Opening this weekend:
Get Out—Chris (Daniel Kaluuya), a young, gifted and black art photographer
in New York City, goes upstate for a weekend in the country with his white
girlfriend of four months, Rose (Allison Williams), to meet the affluent
parents. Dad (Bradley Whitford) is a neurosurgeon, Mom (Catherine Keener) is a
hypnotherapist, creepy brother (Caleb Landry Jones) is a med student.
They seem, initially, like nice folks, a little awkward and self-conscious
about Chris’s race, but well-intentioned, even compensatorily over-friendly.
But small weirdnesses crop up at once, first with the mannered, inauthentic
behavior of the family’s black domestic help (Marcus Henderson and Betty
Gabriel) and of another black man who shows up at a party (Lakieth Stanfield),
and then with other hints of the sinister.
To say much more would be to give away too much about this horror tale,
written and directed by Jordan Peele (half of the comedy team of Key &
Peele) in his directorial debut. Suffice to say that it’s a splendidly successful,
witty shocker, in large part because Peele is disciplined about playing by the
rules, using the theme of racial unease to generate terror along a wonderfully
old-fashioned, Ira-Levin-ish Gothic structure.
Kaluuya, a Brit, easily pulls us into his gradually-rising paranoia and
makes us root for Chris. The white actors are flawless, from the subtlety of
Williams, Whitford, Keener and Stephen Root as a blind gallery owner to the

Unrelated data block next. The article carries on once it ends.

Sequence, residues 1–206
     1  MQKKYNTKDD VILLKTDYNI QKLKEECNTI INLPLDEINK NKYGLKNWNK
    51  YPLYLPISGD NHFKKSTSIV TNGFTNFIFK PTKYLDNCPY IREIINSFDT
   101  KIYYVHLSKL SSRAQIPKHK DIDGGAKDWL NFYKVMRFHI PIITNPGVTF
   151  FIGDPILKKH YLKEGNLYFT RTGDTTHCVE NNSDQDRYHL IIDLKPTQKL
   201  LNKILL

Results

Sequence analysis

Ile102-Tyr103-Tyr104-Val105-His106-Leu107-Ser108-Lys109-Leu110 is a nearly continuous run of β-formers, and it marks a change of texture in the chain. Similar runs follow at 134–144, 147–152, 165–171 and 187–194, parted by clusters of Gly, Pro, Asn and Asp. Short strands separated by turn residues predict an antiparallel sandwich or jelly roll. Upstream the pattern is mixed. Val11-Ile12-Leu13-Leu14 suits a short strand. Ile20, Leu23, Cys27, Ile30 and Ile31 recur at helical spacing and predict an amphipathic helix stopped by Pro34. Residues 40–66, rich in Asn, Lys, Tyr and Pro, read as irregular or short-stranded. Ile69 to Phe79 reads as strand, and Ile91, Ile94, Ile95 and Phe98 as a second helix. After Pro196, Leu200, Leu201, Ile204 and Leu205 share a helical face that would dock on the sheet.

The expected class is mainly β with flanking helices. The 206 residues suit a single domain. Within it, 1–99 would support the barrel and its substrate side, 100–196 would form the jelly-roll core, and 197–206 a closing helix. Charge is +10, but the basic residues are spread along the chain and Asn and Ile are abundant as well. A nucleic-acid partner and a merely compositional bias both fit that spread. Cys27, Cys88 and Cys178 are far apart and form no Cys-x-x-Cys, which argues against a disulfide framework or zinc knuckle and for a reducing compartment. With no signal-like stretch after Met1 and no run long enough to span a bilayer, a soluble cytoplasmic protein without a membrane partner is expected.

ripe caricature of the unwholesome party guests. And the wide-eyed servants,
with their stilted unctuousness, can raise the hairs on your neck. There’s
overt comic relief, too, in the form of the ebullient LilRey Howery as Chris’s worried
TSA agent pal.
Best of all, while Get Out is
sincerely meant to scare, Peele still brings his comic sensibility into play
here. There are well-crafted jolts and jumps, and the climactic clashes are
conventionally gruesome, but the movie never loses a sense of audience-pleasing
fun. Peele connects the film not only to classic horror templates but also to
hardwired racial beliefs, both black and white. The plot partly hinges, for
instance, on the familiar white conviction, recently displayed by our
president, that all black people know each other.
Opening at Sonora Cinema at Desert Sky Mall:
You're Killing Me Susana—Eligio is a Mexico City soap actor who likes to stay out late, drink, and fool around with women from the set. One morning he wakes up to find his stunning writer wife Susana (Veronica Echegui) absent from bed and apartment. Her clothes are absent from the closet, too.
Stunned and shaken—he thought they were doing great—Eligio traces Susana to a writer's workshop at a college in Iowa. He drops everything and follows her there, where he finds her involved with a virile, silent Polish poet.
From here on, You're Killing Me Susana (Me Estas Matando Susana), directed by Roberto Sneider from a Jose Agustin novel, becomes both a romantic comedy with serious overtones and a spiky look at U.S. culture through an outsider's eyes. In both functions it's charged up by the performance of Gael Garcia Bernal—probably best known to U.S. audiences as the young Che Guevara in The Motorcycle Diaries—as Eligio.
With his insolent sexual confidence and persistent (if mostly ineffectual) machismo, Eligio is the sort who can smirk at his own infidelities yet throw wailing, floor-pounding tantrums at Susana's without seeming to notice the incongruity. The breathtaking Echegui makes you see how the combination of Eligio's oppressive selfishness and his unshakable lovability could make sneaking away while he's asleep seem like the only escape.
This wry, absorbing, unpredictable movie can truly be called a comedy-drama, deftly tipping from near-farcical to poignant without losing its balance, on either side of the hyphen.